Fixed and intangible assets are recognized on the balance sheet when cash is invested or assets are acquired. Their values are generally depreciated or amortized over their estimated useful lives. A write-down occurs when the asset's balance sheet carrying value is higher than their recoverable amount. An entity can either recover the asset value through sale or future use.
But whereas the cash that was spent on an asset is known, the asset's value in use--the cash the asset will generate in the future--is uncertain. Management's assumptions used to ascertain assets' values are critical, but can change and are not consistent between companies. Therefore, changes in assumptions, for example about oil prices or discount rates, can have a material impact on asset valuation, which can result in write-downs.
What are the differences between U.S. generally accepted accounting principles (GAAP) and International Financial Reporting Standards (IFRS)? In general, IFRS can lead to a write-down impairment recognition earlier than U.S. GAAP. There are significant differences in both impairment indicators (whether a test is needed) and impairment quantification:
- U.S. GAAP starts with a calculation of future undiscounted cash flows. If those are higher than the book value, there is no impairment. IFRS stipulates the use of discounted future cash flows, arriving at a lower net present value. In theory, identical future cash flows could result in immediate impairment using IFRS, but no change under U.S. GAAP.
- The cash flow calculation is more prescriptive under IFRS. Consequently, IFRS can result in lower cash flows, because U.S. GAAP allows more flexibility.
- If the undiscounted cash flows imply impairment under GAAP, both U.S. GAAP and IFRS require a comparison of carrying value to recoverable value. But the rules for recoverable value calculations differ between standards.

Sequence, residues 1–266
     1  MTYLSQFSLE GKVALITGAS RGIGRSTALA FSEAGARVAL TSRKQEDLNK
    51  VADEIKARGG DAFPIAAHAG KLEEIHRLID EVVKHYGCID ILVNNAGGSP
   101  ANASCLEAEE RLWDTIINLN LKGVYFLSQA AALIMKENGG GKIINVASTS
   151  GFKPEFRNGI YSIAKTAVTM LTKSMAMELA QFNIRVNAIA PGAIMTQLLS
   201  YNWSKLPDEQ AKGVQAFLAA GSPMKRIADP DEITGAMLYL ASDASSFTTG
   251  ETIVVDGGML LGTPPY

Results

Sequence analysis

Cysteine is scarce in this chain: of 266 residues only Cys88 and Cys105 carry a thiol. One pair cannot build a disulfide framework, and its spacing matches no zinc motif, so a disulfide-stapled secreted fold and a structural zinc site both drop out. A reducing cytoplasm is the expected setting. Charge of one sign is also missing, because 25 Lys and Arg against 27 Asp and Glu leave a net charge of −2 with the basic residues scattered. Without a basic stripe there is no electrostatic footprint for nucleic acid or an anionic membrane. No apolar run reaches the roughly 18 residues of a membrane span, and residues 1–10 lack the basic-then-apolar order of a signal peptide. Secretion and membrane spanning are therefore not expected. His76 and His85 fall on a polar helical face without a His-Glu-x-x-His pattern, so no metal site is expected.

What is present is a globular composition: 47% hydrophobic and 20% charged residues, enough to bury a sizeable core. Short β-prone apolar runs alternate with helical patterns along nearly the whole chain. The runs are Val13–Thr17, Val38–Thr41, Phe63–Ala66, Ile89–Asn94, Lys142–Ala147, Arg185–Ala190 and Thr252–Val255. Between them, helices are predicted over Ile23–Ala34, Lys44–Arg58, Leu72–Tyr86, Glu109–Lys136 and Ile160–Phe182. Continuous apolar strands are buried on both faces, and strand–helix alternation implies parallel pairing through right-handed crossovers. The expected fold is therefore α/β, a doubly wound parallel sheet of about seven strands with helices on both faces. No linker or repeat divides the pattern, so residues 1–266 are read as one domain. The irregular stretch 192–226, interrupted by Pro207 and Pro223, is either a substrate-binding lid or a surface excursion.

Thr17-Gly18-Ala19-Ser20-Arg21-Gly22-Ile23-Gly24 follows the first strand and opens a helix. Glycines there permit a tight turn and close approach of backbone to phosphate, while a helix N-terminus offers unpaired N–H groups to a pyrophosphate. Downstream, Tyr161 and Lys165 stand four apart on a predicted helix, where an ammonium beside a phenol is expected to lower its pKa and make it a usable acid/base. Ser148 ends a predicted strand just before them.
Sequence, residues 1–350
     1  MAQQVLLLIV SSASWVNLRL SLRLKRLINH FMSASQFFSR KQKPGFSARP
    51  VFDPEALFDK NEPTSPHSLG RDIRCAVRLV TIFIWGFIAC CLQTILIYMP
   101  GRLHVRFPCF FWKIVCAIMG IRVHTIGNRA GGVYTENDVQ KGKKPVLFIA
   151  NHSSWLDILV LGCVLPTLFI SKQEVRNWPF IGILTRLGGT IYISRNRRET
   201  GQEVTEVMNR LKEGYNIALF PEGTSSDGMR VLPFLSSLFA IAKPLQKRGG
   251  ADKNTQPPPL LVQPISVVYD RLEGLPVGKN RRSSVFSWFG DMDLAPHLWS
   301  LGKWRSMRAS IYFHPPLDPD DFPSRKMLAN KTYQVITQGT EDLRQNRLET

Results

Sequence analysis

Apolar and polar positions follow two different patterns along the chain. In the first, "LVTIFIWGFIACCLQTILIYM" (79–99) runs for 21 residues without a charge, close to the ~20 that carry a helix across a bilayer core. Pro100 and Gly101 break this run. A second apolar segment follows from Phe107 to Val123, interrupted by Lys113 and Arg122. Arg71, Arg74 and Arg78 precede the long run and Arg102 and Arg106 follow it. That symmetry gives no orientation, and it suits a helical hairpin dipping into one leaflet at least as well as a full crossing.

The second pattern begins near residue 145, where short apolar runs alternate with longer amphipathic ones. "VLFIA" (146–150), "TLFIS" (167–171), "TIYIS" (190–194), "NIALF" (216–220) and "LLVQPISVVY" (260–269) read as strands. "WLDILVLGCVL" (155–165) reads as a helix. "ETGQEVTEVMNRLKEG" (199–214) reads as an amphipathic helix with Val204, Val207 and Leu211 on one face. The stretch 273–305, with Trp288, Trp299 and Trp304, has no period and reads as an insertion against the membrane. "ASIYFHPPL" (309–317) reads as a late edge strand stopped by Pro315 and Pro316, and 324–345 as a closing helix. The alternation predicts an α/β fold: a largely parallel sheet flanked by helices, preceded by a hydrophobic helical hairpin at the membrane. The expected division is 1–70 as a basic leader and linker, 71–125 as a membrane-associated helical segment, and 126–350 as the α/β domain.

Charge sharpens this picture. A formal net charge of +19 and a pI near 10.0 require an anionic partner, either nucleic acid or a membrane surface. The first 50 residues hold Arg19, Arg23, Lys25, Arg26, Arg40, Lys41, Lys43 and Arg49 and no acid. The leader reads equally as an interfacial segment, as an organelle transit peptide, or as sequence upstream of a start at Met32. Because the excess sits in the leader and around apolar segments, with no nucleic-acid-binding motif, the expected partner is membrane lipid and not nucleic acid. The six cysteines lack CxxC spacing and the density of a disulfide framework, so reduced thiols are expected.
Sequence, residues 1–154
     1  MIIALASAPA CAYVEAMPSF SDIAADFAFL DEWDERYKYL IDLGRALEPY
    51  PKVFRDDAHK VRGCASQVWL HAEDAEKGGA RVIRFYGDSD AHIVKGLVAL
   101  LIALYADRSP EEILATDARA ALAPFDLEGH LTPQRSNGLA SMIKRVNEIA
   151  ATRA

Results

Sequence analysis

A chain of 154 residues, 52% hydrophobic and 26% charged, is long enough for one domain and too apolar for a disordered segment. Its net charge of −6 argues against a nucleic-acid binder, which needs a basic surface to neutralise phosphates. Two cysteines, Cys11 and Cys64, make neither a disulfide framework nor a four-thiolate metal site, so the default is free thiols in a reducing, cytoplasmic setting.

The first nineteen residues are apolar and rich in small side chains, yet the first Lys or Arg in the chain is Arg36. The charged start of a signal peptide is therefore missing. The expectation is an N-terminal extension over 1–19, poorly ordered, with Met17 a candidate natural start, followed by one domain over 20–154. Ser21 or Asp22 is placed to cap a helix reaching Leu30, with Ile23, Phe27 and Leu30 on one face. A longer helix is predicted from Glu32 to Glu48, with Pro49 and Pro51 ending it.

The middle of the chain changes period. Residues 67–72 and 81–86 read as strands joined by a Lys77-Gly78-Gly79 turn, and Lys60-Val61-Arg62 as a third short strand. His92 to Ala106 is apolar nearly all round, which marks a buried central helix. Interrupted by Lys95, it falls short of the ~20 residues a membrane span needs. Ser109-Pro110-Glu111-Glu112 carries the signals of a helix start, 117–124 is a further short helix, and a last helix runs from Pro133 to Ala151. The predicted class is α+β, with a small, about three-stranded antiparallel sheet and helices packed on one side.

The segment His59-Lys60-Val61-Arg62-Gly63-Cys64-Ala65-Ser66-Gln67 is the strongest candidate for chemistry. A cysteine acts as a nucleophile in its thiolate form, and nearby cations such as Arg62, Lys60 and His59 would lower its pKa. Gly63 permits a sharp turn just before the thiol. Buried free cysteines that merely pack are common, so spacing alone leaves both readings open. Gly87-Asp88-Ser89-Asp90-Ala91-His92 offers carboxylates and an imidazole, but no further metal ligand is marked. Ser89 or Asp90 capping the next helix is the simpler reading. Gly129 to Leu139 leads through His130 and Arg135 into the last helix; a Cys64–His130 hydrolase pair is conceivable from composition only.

- The impairment calculations are done on cash generating units (CGUs), not at a company or group level. Differences in the calculation can arise due to how assets are allocated to a CGU under U.S. GAAP or IFRS.
Performance Metrics--Operations And ESG Factors
Oil and gas production remains the key factor for the supermajors' cash generation
Combined oil and gas production reported by the five supermajors in 2019 was about 6,400 million barrels of oil equivalent (mmboe), 3% higher than in 2018 and about 13% more than 2015. This represented about 10% of global oil production and 11% of total gas production. Total S.E. increased production by more than 8% in 2019 (and by almost 30% compared with 2015, including the Abu Dhabi concession), the highest increase across the supermajors. On the flipside, ExxonMobil's production has declined since 2015 by about 4%, but the company remains the largest producer. We expect production to continue increasing overall after a COVID-19-related drop in 2020, although the profiles differ by company. On average, about 25% of production comes from equity affiliates (the rest is consolidated subsidiaries) that are usually in higher-risk countries. Among the supermajors, BP in particular relies on its stake in Russian Rosneft Oil Co. PJSC, which accounted for about 35% of the company's combined oil and gas production.